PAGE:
BY BRENT PETERSON
As railroads continued to grow and trains became more common in the area and the safety of the railroad engines and cars were questionable at best. There were many accidents and derailments that occurred every year. One of the most exciting accidents occurred on Jan. 23, 1888 when two engines met head on just a couple miles south of Stillwater.
Conductor Barney Waters had just registered out of the Stillwater station at 7:40 a.m. traveling south out of Stillwater. His train consisted of a “smoking and baggage car” as well as a passenger car. This train was making its usual run of the day. There were twelve passengers on the train as they pulled out of the station for this ill-fated trip.
The train leaving from Stillwater Junction, about three miles south of Stillwater, was engineered by Frank Carey. His train had no cars attached. Carey, it was said, was new to the area and had no knowledge of the regular schedule of the trains of the area.
About five minutes into the run, the train from Stillwater was straightening out of the big curve beyond the Oak Park bridge, near Kirchoff & Weisel’s slaughter house, the fireman Peter Copeland, “sprang to the engineer’s side shouting, ‘an engine’s coming’ and threw himself into the snow drifts at the side of the track. The engineer, J.A. McLaughlin, shut off steam, set the air brakes, and just as the two great engines came together, flung himself out of the cab window. Had he remained inside one second longer he would have been ground to powder by the tender which was driven forward off of its tracks, and flattened against the boiler head by the baggage car which also left its forward tracks” according to the local newspaper.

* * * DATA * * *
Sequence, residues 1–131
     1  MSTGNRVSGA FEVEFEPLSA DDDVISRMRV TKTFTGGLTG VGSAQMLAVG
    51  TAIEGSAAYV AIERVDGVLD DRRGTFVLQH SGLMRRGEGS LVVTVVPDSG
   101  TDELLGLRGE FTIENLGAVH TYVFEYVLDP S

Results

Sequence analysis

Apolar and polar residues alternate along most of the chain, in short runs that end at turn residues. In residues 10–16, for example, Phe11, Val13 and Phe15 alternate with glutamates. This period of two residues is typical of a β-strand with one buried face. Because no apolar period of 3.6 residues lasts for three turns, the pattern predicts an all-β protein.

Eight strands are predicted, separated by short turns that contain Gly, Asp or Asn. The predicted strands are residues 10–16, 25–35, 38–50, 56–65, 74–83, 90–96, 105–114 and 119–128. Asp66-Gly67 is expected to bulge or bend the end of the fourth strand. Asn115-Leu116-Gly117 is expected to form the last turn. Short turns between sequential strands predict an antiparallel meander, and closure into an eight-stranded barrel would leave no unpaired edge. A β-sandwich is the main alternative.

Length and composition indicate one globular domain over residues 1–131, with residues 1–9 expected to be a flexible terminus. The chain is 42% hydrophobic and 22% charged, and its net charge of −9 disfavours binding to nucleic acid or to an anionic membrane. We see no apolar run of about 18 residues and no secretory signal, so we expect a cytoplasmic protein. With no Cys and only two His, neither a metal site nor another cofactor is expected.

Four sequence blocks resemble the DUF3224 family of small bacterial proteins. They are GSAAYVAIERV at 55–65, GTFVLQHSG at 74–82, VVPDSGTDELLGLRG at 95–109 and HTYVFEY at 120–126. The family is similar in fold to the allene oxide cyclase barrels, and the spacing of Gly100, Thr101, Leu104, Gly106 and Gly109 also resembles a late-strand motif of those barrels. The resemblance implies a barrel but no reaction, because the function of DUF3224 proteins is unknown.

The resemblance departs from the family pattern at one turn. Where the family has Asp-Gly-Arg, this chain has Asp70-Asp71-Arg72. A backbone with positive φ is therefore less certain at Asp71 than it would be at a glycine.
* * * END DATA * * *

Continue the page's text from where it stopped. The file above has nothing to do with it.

Want to keep reading? Grab the May 12, 2017, edition of The Gazette, at newsstands through May 18. Subscribe to The Gazette to read Peterson’s column in its entirety each week. Brent Peterson is the executive director of the Washington County Historical Society. Contact him at [email protected].